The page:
College Essay Example #3
Whether I was blowing out candles, writing a letter to santa, or waiting for the clock to turn 11:11, my one wish growing up was not for something, but for someone. I wanted a sibling. I would always look to my friends and think how lucky they were to have brothers and sisters to play with, while I was stuck at home alone with my parents.
However, these sentiments soon changed and my life was transformed, when my parents came home with my new sister, Mia. And while Mia was a furry, Lhasa Apso dog, rather than the human baby sister or brother I dreamed of, she helped me accept and even cherish my life as an only child. I came to realize, however, that it would take much longer for me, and much more than a dog, to accept the other ways I felt alone within my group of friends and my community as a whole.
Living in a predominantly white town and attending a school with a population of about 75% white students has had a huge impact on the way I view my Filipino self. While my friends ate turkey and cheese sandwiches at lunch, I would secretly pick at the traditional adobo chicken my mom had sent me that day. I stood by as my classmates made jokes stereotyping and generalizing Asians into one category, even though I knew there were vast differences in our cultures. During social studies classes, I noticed that I learned more about the ancestry of my friends, rather than my own. Consequently, I began to accept the notion that my heritage was of less importance and something to be ashamed of. I masked the pungent aromas of the Filipino delicacies my immigrant parents made with pasta and hamburgers when my friends came over, I laughed off incidents when parents or teachers would mistake me for the only other Filipino girl in my grade, and I recognized that learning solely about European and East Asian history in world history classes was the norm. I started to believe that assimilation was the only pathway to acceptance, along with the only way I could feel less alone within my community.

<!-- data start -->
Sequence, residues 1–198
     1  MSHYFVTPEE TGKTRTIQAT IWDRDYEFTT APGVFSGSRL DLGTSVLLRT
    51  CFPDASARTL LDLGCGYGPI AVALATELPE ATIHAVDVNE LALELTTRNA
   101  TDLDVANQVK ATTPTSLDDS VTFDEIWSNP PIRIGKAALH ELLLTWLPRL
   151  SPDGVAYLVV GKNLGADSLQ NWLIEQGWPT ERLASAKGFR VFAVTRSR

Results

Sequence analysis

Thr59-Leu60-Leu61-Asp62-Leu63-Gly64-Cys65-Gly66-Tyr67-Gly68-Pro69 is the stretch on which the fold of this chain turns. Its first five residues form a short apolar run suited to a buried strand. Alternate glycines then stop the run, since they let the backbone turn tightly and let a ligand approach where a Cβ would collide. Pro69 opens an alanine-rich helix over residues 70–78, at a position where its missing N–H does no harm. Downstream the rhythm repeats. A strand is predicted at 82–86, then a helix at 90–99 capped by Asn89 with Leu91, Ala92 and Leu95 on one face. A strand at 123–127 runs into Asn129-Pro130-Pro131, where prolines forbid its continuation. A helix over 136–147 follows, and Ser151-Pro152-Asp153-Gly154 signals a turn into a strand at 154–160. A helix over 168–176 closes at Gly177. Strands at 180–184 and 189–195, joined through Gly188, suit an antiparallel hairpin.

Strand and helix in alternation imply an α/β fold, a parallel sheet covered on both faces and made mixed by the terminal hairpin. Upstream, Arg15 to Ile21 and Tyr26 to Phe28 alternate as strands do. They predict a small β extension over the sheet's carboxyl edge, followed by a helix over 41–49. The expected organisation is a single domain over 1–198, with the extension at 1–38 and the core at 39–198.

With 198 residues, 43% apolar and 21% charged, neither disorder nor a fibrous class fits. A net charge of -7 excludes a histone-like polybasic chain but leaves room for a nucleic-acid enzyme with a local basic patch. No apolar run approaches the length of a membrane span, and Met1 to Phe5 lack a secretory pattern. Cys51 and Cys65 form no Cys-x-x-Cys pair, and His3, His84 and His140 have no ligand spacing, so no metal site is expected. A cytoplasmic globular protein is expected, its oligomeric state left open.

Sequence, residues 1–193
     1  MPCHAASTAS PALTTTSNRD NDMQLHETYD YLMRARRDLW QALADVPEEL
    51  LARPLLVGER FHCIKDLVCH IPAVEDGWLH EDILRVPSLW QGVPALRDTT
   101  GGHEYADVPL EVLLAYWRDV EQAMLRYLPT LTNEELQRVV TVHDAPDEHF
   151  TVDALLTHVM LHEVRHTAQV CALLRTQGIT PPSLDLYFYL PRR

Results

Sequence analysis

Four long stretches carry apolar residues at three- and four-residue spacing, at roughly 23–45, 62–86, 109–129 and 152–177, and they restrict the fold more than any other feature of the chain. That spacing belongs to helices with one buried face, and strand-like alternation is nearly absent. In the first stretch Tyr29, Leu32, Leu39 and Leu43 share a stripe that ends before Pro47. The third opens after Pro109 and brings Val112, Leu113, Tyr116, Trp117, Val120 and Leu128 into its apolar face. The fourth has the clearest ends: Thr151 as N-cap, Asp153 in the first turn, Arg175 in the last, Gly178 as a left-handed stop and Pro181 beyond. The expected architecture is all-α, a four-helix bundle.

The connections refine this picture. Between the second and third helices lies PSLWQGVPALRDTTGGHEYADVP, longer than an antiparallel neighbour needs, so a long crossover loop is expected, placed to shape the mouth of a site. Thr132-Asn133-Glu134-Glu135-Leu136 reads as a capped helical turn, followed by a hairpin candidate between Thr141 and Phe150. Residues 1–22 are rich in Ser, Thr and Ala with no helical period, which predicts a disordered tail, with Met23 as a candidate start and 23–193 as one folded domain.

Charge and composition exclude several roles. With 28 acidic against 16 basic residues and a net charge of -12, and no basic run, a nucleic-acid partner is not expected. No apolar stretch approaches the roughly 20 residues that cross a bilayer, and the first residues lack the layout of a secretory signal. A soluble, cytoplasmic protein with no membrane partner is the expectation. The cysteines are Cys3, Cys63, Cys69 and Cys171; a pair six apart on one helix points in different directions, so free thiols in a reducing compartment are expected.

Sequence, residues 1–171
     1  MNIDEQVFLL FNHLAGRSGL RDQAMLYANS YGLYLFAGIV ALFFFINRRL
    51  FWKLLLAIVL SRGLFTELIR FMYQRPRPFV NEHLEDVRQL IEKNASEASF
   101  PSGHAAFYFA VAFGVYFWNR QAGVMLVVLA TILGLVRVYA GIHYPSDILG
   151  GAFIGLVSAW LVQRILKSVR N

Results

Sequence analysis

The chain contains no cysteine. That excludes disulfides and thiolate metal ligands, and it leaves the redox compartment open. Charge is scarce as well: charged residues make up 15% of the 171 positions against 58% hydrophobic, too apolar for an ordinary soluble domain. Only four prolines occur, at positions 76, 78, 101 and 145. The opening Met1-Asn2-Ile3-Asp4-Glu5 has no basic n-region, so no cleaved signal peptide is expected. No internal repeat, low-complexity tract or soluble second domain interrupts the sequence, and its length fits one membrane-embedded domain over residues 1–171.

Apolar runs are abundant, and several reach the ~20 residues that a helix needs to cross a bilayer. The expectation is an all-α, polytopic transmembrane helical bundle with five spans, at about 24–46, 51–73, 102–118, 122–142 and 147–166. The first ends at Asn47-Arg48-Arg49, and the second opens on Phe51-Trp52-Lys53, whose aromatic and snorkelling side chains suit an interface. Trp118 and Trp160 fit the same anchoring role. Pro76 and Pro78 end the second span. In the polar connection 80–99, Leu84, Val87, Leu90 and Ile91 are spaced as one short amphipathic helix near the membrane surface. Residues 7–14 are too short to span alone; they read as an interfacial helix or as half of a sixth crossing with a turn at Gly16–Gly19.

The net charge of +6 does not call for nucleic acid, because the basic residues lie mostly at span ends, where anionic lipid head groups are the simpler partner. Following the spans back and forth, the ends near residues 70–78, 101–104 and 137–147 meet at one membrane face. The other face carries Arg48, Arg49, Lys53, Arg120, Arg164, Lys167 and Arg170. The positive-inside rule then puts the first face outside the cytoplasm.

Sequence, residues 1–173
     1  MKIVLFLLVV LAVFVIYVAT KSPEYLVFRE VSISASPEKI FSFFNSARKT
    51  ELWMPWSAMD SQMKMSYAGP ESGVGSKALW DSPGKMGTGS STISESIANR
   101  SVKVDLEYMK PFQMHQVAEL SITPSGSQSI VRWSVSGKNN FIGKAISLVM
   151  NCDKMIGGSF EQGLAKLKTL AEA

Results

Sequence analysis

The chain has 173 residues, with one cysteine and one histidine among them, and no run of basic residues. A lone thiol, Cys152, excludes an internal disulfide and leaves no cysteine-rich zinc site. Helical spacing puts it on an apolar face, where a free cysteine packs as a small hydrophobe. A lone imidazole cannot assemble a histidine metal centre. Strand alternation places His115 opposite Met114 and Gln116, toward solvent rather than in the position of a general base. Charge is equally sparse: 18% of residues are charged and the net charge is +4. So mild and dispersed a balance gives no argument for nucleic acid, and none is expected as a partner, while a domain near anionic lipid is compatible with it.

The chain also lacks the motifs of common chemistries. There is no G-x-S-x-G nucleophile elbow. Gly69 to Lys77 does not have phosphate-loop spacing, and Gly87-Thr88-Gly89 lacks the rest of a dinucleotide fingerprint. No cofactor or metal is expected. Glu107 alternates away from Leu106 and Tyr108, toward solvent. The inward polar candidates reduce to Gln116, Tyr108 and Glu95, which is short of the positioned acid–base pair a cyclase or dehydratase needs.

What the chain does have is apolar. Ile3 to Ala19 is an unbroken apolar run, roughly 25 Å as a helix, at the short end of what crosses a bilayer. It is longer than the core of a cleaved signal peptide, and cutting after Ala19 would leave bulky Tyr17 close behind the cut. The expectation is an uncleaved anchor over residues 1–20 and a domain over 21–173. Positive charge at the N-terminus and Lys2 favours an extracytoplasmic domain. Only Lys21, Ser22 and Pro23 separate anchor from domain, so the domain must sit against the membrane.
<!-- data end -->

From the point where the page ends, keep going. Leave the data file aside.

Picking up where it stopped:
It was not until I entered high school that I realized how wrong I was. Although I did not encounter an increase in diversity in terms of ethnicity, I saw an increase in the spectrum of perspectives around me. Through electives, clubs, and activities, the student body I was met with since my freshman year was open-minded, as well as politically and culturally active and engaged, and I immediately joined in. At speech and debate tournaments, I talked with students from across the globe, while at discussions between the High School Democrats Club and Young Conservatives Club at my school, I enjoyed listening and being exposed to different viewpoints. Suddenly, I was no longer willing to feel defeated and instead began to feel confident in displaying my Filipino pride. I introduced my friends to an array of Filipino dishes from lumpia to toron, I asked my social studies teachers questions about the history and current state of the Philippines, and I no longer saw myself and my background as what differentiated me from others and caused my feelings of aloneness, but as something that I should embrace.
I changed my narrative from “alone” to “unique,” and I strive to spread the message that being different can and should be the norm to my peers. I would not be who I am without my Filipino background, and although the community I live in is what previously made me feel alone, it is also what gave me the potential to learn, grow, and broadened my appreciation for what made me unique.